Hope After Hurt: Overcoming Sexual Abuse

If you or a loved one has experienced sexual abuse, know that you are not alone. Millions of people around the world have gone through similar trauma.

Healing from sexual abuse can be a long and difficult journey, but it is possible.

I’m Dr. Termary Hernández, a postdoc resident at Syrona Counseling Retreats. In this article, we will explore the steps to healing from sexual abuse and how therapy can help.


What is Sexual Abuse?

Sexual abuse is any unwanted sexual contact or behavior that occurs without the victim’s consent. It can take many forms, from inappropriate touching to sexual assault.

These experiences can leave you feeling powerless, confused, and alone. Sexual abuse, especially during childhood, can have long-lasting effects on your brain, mind, and body, leading to disturbances in your ability to self regulate your nervous system.

Why does this happen?

When experiencing a traumatic event, like a sexual assault, your body goes into “survival” mode, where your sympathetic nervous system floods your brain with stress hormones.

This gears you up for flight or fight.

And, this affects three different parts of your brain:

Sexual Trauma Changes Your Amygdala

This is your internal alarm system. After trauma, it becomes hyper vigilant and sees threats everywhere. In other words, your internal alarm system now stays turned on.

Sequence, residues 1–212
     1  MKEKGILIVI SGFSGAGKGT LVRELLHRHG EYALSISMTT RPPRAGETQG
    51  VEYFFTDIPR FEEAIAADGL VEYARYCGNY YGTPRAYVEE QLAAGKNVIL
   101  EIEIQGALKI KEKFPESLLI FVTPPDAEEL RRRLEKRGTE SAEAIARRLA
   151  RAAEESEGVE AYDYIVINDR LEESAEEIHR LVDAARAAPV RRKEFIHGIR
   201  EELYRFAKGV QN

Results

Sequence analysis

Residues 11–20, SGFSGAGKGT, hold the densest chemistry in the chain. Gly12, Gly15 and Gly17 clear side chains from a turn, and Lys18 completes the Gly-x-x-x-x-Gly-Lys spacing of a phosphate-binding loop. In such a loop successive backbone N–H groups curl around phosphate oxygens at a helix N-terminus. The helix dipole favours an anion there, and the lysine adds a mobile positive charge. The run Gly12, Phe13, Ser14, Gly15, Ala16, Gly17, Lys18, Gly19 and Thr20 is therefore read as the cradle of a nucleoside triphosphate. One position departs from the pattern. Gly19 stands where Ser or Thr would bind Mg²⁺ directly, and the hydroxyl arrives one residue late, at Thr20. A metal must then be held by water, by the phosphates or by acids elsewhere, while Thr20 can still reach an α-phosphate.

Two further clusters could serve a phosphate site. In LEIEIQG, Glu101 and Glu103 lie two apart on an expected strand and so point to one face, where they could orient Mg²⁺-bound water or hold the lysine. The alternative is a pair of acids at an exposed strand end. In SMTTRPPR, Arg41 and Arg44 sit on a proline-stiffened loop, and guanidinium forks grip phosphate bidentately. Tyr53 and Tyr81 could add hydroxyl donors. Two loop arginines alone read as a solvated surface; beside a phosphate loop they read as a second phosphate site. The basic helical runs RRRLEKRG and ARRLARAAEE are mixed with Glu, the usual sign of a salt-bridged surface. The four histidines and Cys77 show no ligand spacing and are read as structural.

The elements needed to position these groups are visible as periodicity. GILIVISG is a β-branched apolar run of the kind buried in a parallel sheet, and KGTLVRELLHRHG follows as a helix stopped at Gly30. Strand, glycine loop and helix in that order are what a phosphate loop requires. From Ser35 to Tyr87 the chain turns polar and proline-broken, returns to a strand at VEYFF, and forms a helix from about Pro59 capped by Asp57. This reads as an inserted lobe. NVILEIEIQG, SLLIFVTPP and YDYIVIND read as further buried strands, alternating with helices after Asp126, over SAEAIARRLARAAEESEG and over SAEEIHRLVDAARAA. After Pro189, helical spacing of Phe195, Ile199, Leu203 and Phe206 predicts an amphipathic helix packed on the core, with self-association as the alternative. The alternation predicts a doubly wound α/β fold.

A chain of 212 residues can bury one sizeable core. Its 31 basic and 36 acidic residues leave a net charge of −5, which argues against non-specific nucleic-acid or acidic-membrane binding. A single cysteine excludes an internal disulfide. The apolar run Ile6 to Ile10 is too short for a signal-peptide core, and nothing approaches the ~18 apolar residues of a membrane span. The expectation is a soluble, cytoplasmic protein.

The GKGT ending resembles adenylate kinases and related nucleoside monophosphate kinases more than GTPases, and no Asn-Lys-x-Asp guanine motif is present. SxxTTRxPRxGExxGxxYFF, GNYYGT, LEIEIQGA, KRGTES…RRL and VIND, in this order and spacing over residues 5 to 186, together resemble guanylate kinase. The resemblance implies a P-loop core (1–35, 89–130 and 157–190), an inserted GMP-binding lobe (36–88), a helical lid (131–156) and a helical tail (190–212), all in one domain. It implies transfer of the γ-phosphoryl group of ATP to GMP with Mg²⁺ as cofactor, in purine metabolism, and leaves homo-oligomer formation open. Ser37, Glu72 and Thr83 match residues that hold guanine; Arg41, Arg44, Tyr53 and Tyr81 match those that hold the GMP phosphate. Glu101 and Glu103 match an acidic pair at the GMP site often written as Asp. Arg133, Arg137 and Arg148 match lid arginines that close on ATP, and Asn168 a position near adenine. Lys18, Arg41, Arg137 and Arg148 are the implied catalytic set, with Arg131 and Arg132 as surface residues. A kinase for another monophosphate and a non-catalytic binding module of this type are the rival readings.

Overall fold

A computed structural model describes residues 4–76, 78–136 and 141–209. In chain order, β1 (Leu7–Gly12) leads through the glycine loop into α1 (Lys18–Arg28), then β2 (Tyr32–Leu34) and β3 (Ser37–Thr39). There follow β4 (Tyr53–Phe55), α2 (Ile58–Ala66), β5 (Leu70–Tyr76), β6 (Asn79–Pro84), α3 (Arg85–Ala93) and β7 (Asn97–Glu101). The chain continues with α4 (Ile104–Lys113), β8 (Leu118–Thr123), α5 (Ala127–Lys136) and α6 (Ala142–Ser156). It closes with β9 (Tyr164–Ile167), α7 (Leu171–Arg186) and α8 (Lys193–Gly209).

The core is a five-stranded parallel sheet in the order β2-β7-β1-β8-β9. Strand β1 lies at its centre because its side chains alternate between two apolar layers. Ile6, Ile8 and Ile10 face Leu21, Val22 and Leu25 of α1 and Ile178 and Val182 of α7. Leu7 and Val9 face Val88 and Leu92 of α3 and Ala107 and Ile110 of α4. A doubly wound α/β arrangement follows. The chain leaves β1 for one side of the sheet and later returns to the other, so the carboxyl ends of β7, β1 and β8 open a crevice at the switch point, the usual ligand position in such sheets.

Sexual Trauma Changes Your Hippocampus

This is your memory storage and it gets jumbled up and overwhelmed during trauma, leading to flashbacks, memory loss, and confusion. 

Sexual Trauma Changes Your Prefrontal Cortex

This is your brain’s organizer and it gets overwhelmed during trauma, so that you find it hard to distinguish triggers from the past from what’s going on in the present.


Types of Trauma Responses

These changes result in what is known as “trauma responses”. It’s important to know that trauma responses are unique to every individual, and therefore vary from person to person.

Some of the more common ones are:

  • Hypervigilance
  • Difficulty sleeping
  • Avoidance of certain people or places
  • Flashbacks
  • Chronic sense of shame and/or guilt
  • Difficulty trusting others
  • Emotional over-or under-reacting

Types of Coping Strategies

Survivors of sexual abuse also develop different coping strategies to help them deal with these trauma responses.

These may include:

  • Avoidance of certain people or situations
  • Substance abuse
  • Self-harm
  • Risky behaviors
  • Not wanting to be touched or intimate
  • Numbing out any connection to the body

Please know that trauma responses are a “normal” reaction to an “abnormal” situation. These responses are your body’s way of trying to stay safe, and are often automatic and unconscious.

Trauma therapy is a powerful and effective way that you can learn how to shift away from trauma responses and return to more authentic and natural coping mechanisms.

The thought of starting therapy can be daunting. With the right help, you can learn to break out of the fear and shame of sexual trauma and into the freedom of life beyond the past.

Trauma-trained therapists not only understand how sexual trauma disrupts safety and trust, but they know the paths towards its reconstruction.

If you would like to start your healing journey, click the link below and schedule a counseling retreat today. I look forward to working with you.


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